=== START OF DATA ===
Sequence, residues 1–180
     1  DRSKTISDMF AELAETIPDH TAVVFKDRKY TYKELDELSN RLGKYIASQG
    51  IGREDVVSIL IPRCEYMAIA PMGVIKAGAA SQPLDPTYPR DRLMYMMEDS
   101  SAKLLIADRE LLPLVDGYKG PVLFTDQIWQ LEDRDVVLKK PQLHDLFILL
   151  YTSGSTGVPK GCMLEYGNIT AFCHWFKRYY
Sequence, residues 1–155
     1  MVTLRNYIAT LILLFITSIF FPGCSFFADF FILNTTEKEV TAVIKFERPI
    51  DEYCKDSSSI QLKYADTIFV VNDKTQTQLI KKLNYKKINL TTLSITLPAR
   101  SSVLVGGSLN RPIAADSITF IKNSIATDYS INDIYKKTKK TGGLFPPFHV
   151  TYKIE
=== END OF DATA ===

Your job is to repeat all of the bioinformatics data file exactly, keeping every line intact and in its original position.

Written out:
Sequence, residues 1–180
     1  DRSKTISDMF AELAETIPDH TAVVFKDRKY TYKELDELSN RLGKYIASQG
    51  IGREDVVSIL IPRCEYMAIA PMGVIKAGAA SQPLDPTYPR DRLMYMMEDS
   101  SAKLLIADRE LLPLVDGYKG PVLFTDQIWQ LEDRDVVLKK PQLHDLFILL
   151  YTSGSTGVPK GCMLEYGNIT AFCHWFKRYY
Sequence, residues 1–155
     1  MVTLRNYIAT LILLFITSIF FPGCSFFADF FILNTTEKEV TAVIKFERPI
    51  DEYCKDSSSI QLKYADTIFV VNDKTQTQLI KKLNYKKINL TTLSITLPAR
   101  SSVLVGGSLN RPIAADSITF IKNSIATDYS INDIYKKTKK TGGLFPPFHV
   151  TYKIE